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Topic: Breast Cancer as a ‘Side Effect’

Forum: High Risk for Breast Cancer — Due to family history, genetics, or other factors.

Posted on: Jun 26, 2019 12:41AM - edited Jun 26, 2019 12:42AM by KeepingItReal2000

KeepingItReal2000 wrote:

I'm curious if anyone else in the community has a similar situation and if so, how you've dealt with it.

At 19 I was diagnosed with Hodgkins Lymphoma and received massive doses of cobalt radiation to my neck and torso. I'm now 47 and have problems from thyroid to innumerable skin cancers to two diagnoses of ADH resulting in lumpectomies, my most recent just last week.

I know this is my path but it's beginning to wear on me. Anyone else out there dealing with breast cancer as a seemingly inevitable 'side effect'?

Dx 11/2007, DCIS, Left, 1cm, Stage 0 Surgery 11/20/2007 Lumpectomy: Left Dx 6/2019, DCIS, Left, Stage 0 Surgery 6/19/2019 Lumpectomy: Left
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Jun 26, 2019 01:22PM marijen wrote:

Hi, there’s not much discussion here about HL and BC so I looked it up for you. According to the American Cancer Society there is a possibility of other cancers including BC. One place I read that inflammation is the common denominator but that was with NHL and BC and a gene called ATM. There is also a thread here. Autoimmune and Breast Cancer.

Not good news, I’m sorry
https://www.cancer.org/cancer/hodgkin-lymphoma/aft...


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Jun 26, 2019 10:56PM vlnrph wrote:

Hi from a fellow WI resident! You are in a sadly overlooked group I’m afraid.

If a search is done on the word ‘Hodgkin’, you can see who has posted previously. The next step would be sending private messages to those individuals because they may not be real active on these boards and therefore might not see this topic. Have you found any national organizations addressing the issues?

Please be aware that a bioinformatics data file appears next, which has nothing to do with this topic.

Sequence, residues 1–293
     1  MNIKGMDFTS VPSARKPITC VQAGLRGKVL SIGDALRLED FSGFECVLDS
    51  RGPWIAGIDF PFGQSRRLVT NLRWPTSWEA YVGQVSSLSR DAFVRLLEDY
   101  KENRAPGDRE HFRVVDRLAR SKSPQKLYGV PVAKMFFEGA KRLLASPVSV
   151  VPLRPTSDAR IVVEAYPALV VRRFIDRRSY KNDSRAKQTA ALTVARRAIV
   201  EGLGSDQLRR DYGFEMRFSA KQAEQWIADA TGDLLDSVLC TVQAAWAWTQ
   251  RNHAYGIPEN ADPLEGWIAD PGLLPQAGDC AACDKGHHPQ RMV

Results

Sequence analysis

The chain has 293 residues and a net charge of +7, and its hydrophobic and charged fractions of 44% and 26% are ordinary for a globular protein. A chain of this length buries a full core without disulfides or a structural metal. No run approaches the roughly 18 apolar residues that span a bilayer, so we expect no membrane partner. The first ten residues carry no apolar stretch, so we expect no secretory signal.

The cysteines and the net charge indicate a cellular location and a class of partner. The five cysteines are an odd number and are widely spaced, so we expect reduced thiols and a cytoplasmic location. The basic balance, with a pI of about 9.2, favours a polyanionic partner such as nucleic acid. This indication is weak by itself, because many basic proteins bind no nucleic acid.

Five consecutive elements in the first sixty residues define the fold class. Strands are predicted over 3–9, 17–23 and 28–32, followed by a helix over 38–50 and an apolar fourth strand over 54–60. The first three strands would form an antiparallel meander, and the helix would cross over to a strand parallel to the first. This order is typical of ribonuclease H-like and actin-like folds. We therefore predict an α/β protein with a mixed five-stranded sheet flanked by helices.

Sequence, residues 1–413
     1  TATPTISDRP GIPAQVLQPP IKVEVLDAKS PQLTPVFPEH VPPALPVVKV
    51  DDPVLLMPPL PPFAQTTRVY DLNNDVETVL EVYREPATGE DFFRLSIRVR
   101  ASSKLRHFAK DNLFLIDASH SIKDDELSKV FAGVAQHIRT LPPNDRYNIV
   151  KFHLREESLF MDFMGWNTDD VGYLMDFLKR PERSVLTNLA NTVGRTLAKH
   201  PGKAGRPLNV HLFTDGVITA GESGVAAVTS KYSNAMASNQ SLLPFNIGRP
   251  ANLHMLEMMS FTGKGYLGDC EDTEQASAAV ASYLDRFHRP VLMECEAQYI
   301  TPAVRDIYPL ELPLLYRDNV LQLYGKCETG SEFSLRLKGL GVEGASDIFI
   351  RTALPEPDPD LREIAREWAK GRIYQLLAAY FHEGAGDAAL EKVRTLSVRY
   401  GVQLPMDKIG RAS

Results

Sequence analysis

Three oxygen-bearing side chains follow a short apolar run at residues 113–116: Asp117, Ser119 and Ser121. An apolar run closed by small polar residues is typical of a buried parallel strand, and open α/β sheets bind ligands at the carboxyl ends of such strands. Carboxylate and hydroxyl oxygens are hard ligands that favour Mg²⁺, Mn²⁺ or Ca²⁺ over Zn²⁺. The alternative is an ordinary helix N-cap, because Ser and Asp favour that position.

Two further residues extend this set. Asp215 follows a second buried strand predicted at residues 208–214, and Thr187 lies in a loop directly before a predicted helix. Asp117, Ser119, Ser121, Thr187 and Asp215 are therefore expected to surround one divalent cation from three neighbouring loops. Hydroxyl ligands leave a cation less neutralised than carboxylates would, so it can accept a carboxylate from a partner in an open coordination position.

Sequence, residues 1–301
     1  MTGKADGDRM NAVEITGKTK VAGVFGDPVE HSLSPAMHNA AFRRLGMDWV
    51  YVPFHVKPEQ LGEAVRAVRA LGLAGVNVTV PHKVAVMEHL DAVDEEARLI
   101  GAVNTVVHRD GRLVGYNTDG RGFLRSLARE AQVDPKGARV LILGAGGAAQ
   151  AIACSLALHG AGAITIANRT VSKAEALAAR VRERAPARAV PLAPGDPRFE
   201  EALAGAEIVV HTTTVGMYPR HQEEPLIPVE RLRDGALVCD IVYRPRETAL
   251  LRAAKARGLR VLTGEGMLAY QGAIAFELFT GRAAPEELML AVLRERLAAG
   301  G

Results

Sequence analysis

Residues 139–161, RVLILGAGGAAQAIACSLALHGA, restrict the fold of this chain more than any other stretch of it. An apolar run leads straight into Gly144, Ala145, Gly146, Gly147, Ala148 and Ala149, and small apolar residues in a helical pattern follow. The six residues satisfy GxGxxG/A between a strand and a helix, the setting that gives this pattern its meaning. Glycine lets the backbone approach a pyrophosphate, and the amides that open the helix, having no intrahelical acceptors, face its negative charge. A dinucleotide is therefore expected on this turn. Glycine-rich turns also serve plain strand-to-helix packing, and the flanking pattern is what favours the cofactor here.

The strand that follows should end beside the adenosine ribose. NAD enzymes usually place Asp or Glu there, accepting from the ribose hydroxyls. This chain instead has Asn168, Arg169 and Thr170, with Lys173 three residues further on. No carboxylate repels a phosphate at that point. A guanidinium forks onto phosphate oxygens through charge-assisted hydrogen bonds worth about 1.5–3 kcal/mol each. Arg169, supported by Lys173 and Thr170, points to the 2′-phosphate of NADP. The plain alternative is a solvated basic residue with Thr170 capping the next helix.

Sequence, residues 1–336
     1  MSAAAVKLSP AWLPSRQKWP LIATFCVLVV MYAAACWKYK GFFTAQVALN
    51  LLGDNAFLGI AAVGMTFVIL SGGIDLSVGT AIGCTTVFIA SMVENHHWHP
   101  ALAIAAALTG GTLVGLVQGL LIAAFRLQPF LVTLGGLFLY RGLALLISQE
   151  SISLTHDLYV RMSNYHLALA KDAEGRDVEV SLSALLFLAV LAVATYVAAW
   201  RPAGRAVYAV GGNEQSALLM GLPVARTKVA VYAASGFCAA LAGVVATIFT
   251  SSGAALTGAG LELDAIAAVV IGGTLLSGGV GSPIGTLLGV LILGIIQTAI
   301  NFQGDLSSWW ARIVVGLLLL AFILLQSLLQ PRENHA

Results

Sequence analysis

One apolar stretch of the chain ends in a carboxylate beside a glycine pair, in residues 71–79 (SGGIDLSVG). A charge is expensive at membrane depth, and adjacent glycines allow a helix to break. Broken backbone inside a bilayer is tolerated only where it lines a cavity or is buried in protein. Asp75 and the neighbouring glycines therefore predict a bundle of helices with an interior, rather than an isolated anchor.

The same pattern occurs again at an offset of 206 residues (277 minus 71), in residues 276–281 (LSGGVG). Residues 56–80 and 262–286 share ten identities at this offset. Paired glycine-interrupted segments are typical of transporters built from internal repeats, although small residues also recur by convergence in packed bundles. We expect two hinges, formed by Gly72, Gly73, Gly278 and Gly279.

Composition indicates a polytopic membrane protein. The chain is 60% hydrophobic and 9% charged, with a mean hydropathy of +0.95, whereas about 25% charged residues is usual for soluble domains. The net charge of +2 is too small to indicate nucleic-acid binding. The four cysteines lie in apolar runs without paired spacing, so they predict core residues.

It was certainly true that, decades ago, radiation was given in higher doses and the machines could not focus or aim with the precision available now. So, fallout was inevitable (pun intended, sorry). There was also an attitude that put the emphasis on treating the disease that was present with little regard for the future. The patient was supposed to be happy they were able to survive, never mind about long term impact...

IDC too! 🎻💊👪🐩 🇫🇮 🌹🦋 Rt MX+DIEP 4-2011; ALND 5-2011 d/t micromets; TC X 4; tamoxifen; lymphedema 9-2011; switch to letrozole 3-2014 for 1 yr; bone mets 8-2018: Zometa, rads to spine, Faslodex/Versenio Dx 3/7/2011, ILC, 2cm, Stage IIA, Grade 2, 1/25 nodes, ER+/PR+, HER2-
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Jun 28, 2019 03:07PM KeepingItReal2000 wrote:

Thank you for your input, ladies. I meet with my oncologist Monday and will try finding access to a support group. American Cancer Society has documented guidelines for adults treated for cancer as children and young adults. It's very comprehensive (and depressing). They recommend reviewing it with my oncologist so we'll start there too.

Dx 11/2007, DCIS, Left, 1cm, Stage 0 Surgery 11/20/2007 Lumpectomy: Left Dx 6/2019, DCIS, Left, Stage 0 Surgery 6/19/2019 Lumpectomy: Left
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Aug 17, 2019 07:40AM BrendaAnderson wrote:

Take proper health care treatments and consult a good doctor.

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